If they are scaled up to the size of a football field or more, flow batteries can serve as backup generators for the electric grid. Flow batteries are one of the key pillars of a decarbonization strategy to store energy from renewable energy resources. Their advantage is that they can be built at any scale, from the lab-bench scale, as in the PNNL study, to the size of a city block.
Why do we need new kinds of flow batteries?
Large-scale energy storage acts as a kind of insurance policy against power grid disruption. When severe weather or high demand make it difficult to provide electricity to homes and businesses, energy stored in large-scale flow battery facilities can help minimize disruption or restore service. The demand for these flow battery facilities is only expected to increase as more electricity is generated using renewable energy sources such as wind, solar, and hydroelectric power. These intermittent power sources necessitate the storage of energy until it is required to meet consumer demand.
While there are numerous flow battery designs and commercial installations, existing commercial facilities rely on mined minerals such as vanadium, which is expensive and difficult to obtain. As a result, research teams are looking for effective alternative technologies that make use of more common materials that are easily synthesized, stable, and non-toxic.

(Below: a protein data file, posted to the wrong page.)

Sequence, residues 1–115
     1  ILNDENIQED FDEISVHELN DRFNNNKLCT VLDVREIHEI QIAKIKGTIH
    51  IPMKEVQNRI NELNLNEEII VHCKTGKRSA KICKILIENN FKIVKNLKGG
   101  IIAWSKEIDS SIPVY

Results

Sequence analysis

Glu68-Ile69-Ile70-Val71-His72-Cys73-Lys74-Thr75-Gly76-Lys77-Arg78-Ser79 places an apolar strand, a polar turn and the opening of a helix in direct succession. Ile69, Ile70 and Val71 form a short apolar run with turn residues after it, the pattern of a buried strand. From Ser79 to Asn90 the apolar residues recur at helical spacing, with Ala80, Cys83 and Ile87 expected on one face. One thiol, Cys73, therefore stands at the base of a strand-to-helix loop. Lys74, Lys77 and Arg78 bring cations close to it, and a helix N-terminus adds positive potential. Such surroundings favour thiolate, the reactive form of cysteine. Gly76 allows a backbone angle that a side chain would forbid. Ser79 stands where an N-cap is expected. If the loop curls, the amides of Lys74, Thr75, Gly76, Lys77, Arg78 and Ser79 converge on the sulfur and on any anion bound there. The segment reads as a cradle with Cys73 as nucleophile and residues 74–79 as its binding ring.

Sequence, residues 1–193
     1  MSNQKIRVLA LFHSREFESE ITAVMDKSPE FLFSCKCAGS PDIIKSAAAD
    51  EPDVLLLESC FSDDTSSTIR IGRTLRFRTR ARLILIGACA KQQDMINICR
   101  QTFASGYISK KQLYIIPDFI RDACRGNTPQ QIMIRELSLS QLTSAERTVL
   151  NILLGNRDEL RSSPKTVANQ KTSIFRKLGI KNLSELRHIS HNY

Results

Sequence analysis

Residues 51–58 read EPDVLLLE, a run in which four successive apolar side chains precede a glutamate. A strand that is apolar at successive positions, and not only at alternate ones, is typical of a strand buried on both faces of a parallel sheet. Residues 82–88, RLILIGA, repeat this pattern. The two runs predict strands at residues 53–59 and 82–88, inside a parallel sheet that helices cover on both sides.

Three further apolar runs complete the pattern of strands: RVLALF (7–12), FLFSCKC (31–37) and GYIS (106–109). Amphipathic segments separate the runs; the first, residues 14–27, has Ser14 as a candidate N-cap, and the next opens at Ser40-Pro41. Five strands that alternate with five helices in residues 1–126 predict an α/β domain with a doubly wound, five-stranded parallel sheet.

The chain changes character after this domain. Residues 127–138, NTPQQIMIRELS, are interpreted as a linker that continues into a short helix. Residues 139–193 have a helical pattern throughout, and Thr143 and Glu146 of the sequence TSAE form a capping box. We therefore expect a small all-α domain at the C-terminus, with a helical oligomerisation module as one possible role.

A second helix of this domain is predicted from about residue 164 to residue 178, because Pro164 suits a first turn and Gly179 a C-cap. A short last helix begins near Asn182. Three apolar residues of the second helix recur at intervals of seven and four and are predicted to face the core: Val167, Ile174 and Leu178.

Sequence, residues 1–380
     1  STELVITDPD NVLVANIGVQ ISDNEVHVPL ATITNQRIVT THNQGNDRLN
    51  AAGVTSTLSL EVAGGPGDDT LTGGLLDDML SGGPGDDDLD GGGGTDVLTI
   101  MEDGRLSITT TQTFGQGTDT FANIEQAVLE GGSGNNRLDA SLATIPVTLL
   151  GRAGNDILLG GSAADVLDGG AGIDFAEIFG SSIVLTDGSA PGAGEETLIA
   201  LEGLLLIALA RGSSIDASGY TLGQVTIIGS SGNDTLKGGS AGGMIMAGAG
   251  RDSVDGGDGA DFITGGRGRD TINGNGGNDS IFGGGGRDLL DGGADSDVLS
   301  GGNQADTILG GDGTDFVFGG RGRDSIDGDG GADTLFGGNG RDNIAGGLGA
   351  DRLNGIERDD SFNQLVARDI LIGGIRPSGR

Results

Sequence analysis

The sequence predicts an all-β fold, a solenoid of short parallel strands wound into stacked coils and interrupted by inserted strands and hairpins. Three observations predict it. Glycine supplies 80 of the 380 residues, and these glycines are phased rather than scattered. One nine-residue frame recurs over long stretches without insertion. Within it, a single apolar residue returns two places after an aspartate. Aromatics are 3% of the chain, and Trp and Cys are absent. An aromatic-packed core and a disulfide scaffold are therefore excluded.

“We cannot always dig the Earth for new materials,” said Imre Gyuk, director of energy storage research at the Department of Energy’s Office of Electricity. “Like the pharmaceutical and food industries, we need to develop a sustainable approach with chemicals that we can synthesize in large quantities.”
The work on flow batteries is part of a large program at PNNL to develop and test new technologies for grid-scale energy storage that will be accelerated with the opening of PNNL’s Grid Storage Launchpad in 2024.
A benign ‘sugar water’ sweetens the pot for an effective flow battery
The PNNL research team that developed this new battery design includes researchers with backgrounds in organic and chemical synthesis. These skills came in handy when the team chose to work with materials that had not been used for battery research, but which are already produced for other industrial uses.
“We were looking for a simple way to dissolve more fluorenol in our water-based electrolyte,” said first author Ruozhu Feng. “The -cyclodextrin contributed modestly to this, but its real benefit was this surprising catalytic ability.”
The researchers then collaborated with Yale University co-author Sharon Hammes-Schiffer, a leading authority on the chemical reaction underlying the catalytic boost, to explain how it works.
The sugar additive, as described in the research study, accepts positively charged protons, which helps balance out the movement of negative electrons as the battery discharges. The details are a little more complicated, but it’s as if the sugar sweetens the pot, allowing the other chemicals to finish their chemical dance.